Data from the present study were combined with previous unpublished work performed by the Enteric Virus Unit to develop similarity criteria. Data were available from thirty-three other outbreak studies where multiple specimens were sequenced. Multiple viruses were sequenced from three outbreaks from the present study. These data were used to estimate the number of point mutations that would be expected from virus from the same outbreak. In the molecular analysis from the present study, 357 bases were sequenced. Therefore, the expected number of point mutations per 357 bases between two viruses that truly had a transmission link was calculated as follows:

a = 357 (M/[Σ L (s)])

where M = number of point mutations, L = sequence length (bases) and s = number of specimens sequenced.

Results

Virus population

Seventy-six outbreaks were selected for sequencing based on positive diagnostic results. RT-PCR amplification failed on 12 of these. Thus, virus from 64 separate outbreaks was characterised by genetic sequencing. Based on sequence from the polymerase and capsid, 61 of these viruses (95%) closely clustered with genogroup II4 (≥90% similarity with prototype Lorsdale strain). There were single detections of a genogroup I2, II3 II6. Fifty-eight of the 61 genogroup II4 viruses (95%) had the AATCTG motif that characterised the epidemic variant of 2002/03 [29]. Based on the polymerase region, there were 12 unique genogroup II4 sequences; based on the capsid region there were 16. In the polymerase, there were 2 predominant sequences associated with 30 outbreaks (sequence 1, 50% of total) and 14 (sequence 2, 23% of total) outbreaks. In the capsid, there were 45 identical sequences (sequence A, 74% of total); the rest of the Region C sequences were all unique (n = 16).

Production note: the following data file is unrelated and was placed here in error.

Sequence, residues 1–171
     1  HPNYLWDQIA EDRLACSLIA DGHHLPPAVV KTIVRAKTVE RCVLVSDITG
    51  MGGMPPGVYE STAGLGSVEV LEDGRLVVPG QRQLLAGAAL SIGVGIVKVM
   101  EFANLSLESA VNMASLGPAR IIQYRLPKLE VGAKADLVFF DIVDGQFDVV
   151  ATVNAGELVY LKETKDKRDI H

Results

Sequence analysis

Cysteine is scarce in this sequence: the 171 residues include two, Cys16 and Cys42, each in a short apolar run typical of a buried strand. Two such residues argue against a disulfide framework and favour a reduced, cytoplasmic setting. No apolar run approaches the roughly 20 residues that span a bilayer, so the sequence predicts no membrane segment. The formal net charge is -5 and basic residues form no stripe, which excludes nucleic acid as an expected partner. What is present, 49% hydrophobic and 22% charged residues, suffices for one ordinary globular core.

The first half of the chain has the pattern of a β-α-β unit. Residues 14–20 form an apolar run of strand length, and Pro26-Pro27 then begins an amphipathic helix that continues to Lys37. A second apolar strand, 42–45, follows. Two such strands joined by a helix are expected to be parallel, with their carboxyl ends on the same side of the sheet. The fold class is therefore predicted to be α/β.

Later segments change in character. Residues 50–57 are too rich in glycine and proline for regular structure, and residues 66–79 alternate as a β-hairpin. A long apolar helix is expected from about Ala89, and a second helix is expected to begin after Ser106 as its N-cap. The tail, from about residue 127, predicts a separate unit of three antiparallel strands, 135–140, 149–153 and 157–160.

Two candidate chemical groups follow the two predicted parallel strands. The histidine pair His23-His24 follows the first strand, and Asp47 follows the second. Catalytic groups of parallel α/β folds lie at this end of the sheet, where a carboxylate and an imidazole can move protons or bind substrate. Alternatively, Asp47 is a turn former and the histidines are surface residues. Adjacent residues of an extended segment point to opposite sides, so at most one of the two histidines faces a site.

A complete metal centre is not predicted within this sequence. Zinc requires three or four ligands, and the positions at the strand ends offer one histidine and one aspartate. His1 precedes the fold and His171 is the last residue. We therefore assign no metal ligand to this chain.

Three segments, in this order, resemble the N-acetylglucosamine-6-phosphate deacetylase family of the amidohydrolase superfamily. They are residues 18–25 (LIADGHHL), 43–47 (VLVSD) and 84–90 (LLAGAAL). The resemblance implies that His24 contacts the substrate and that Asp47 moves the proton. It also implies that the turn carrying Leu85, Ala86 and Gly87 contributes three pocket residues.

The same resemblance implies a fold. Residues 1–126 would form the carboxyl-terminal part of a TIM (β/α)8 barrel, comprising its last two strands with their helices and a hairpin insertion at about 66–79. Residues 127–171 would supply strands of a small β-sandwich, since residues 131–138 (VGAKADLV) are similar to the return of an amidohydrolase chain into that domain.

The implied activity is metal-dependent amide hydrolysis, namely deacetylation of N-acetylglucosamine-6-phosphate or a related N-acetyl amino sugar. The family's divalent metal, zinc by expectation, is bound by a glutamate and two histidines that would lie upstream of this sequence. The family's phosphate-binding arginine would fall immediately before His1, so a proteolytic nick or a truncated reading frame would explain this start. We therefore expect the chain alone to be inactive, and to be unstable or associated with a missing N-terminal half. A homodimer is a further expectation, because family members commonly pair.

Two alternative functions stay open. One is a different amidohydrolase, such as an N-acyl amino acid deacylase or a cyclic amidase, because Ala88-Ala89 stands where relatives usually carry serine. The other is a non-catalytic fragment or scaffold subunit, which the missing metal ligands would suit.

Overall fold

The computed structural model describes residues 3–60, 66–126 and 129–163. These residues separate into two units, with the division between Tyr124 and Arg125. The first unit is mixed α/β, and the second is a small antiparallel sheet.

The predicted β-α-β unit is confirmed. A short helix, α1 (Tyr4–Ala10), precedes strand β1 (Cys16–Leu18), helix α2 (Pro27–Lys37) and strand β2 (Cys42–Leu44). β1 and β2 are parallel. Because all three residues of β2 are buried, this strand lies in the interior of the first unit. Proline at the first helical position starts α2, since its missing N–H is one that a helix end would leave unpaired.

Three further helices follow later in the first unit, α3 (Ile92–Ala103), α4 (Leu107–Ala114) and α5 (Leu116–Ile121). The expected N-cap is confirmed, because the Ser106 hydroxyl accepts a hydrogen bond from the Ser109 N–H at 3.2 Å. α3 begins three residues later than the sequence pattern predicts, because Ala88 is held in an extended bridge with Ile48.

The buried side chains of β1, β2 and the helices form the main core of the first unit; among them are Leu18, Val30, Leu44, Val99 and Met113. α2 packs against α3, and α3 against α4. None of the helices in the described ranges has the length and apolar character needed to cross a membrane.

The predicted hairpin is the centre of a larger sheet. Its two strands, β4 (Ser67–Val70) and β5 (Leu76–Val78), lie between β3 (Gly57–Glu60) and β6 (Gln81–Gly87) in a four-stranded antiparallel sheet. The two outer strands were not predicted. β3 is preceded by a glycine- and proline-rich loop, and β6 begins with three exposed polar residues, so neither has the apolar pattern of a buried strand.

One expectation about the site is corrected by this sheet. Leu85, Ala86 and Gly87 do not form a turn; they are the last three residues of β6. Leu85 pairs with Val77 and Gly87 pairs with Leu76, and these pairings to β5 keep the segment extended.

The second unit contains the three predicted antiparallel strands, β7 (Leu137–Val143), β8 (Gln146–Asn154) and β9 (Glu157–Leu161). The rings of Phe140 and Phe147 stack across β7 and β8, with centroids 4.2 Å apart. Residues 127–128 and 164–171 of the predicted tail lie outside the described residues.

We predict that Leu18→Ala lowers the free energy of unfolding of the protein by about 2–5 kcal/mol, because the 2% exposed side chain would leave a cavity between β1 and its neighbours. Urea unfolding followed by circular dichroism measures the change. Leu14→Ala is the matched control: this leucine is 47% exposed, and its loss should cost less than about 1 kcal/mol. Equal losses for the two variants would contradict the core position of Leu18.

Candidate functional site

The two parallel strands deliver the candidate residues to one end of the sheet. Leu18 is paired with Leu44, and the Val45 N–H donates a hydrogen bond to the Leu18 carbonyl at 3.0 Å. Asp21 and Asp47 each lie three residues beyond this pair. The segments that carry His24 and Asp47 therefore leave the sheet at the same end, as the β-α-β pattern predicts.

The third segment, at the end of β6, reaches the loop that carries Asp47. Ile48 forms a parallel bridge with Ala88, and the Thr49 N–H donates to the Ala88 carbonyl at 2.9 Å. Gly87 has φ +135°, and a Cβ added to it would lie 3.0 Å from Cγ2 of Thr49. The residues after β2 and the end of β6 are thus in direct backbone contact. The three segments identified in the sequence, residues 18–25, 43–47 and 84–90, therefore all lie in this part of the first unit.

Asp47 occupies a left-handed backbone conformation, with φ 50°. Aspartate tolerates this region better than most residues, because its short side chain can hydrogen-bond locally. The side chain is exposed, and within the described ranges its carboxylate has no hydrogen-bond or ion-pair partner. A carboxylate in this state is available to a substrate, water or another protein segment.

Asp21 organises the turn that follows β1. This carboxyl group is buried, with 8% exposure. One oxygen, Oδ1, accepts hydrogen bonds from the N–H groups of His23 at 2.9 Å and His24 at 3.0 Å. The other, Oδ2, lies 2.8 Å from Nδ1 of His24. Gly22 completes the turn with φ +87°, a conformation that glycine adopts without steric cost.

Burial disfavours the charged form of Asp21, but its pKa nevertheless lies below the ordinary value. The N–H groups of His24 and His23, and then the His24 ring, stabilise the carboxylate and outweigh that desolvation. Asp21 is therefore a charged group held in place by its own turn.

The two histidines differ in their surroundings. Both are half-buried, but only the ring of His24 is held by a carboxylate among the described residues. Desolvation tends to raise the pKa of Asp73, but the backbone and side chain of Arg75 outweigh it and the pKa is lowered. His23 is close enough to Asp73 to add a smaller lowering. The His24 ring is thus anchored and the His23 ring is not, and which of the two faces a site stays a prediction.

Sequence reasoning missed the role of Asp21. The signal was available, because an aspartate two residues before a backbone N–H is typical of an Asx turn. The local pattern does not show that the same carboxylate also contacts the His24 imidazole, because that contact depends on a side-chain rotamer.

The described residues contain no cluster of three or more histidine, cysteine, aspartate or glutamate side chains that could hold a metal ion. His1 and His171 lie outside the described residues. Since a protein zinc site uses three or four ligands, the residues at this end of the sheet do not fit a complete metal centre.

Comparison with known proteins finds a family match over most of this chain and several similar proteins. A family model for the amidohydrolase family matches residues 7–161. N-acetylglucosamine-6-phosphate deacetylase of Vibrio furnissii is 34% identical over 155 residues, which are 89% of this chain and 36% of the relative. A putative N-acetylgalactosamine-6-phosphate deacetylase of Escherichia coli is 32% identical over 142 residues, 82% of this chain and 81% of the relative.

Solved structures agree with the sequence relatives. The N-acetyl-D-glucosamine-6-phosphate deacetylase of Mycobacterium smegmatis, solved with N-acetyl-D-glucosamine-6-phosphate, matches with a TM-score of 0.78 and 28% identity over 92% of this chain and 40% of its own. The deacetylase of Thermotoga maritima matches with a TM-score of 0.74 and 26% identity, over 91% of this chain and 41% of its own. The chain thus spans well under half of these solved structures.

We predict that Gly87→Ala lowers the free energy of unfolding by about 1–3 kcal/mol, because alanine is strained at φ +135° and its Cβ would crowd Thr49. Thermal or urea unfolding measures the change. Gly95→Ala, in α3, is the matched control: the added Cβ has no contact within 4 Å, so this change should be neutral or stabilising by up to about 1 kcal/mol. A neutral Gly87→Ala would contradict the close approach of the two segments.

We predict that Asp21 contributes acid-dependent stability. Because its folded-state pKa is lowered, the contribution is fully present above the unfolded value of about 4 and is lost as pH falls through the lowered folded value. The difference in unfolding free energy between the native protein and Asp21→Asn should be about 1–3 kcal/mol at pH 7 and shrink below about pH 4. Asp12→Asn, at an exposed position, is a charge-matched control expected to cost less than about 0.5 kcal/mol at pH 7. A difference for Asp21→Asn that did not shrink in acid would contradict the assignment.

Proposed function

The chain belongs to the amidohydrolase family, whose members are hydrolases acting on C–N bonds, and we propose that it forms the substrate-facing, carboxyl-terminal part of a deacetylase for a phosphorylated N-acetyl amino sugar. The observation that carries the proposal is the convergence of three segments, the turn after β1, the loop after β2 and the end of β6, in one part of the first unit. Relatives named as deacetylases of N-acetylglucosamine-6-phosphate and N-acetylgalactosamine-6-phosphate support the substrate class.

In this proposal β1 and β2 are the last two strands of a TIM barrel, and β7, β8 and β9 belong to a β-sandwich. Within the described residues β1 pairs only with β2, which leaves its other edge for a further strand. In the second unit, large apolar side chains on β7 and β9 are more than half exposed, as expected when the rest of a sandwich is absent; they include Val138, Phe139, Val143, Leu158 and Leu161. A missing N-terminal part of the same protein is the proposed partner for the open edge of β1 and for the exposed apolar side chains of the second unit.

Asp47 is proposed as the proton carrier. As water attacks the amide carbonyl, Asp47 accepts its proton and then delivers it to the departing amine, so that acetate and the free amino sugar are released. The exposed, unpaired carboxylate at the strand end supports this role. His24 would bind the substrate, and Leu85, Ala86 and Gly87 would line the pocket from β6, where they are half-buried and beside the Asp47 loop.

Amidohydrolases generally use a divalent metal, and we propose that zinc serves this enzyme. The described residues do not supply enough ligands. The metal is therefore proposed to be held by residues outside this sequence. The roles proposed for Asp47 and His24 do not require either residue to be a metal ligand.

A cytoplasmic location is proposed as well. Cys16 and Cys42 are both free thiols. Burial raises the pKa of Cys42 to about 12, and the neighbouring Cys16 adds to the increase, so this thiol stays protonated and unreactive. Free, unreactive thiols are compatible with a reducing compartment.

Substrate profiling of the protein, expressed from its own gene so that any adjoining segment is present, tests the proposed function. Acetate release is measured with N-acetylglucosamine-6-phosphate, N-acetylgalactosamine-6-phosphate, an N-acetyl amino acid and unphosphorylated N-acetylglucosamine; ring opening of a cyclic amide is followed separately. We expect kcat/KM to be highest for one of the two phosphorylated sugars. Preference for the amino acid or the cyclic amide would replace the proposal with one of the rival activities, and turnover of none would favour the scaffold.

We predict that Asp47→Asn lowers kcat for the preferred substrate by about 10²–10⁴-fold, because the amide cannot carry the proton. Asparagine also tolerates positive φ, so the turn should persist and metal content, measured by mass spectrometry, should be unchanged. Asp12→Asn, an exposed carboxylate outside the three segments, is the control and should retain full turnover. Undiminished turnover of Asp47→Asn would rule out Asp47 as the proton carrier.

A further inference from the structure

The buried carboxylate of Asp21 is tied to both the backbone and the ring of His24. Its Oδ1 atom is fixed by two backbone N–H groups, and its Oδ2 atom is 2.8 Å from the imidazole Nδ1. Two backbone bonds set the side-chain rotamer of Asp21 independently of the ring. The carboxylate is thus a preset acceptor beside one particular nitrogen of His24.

When the two regions were analysed together, there were a total of 26 unique sequences (Table 1). Henceforth variants are referred to by a number arbitrarily assigned to each unique pol sequence and a letter arbitrarily assigned to each unique cap sequence. The two most common variants were 1A associated with 23 outbreaks and variant 2B associated with 13 outbreaks (39% and 21 % of genogroup II4 outbreaks, respectively).

Table 1. Combined sequencing results of polymerase and capsid: genogroup II4 strains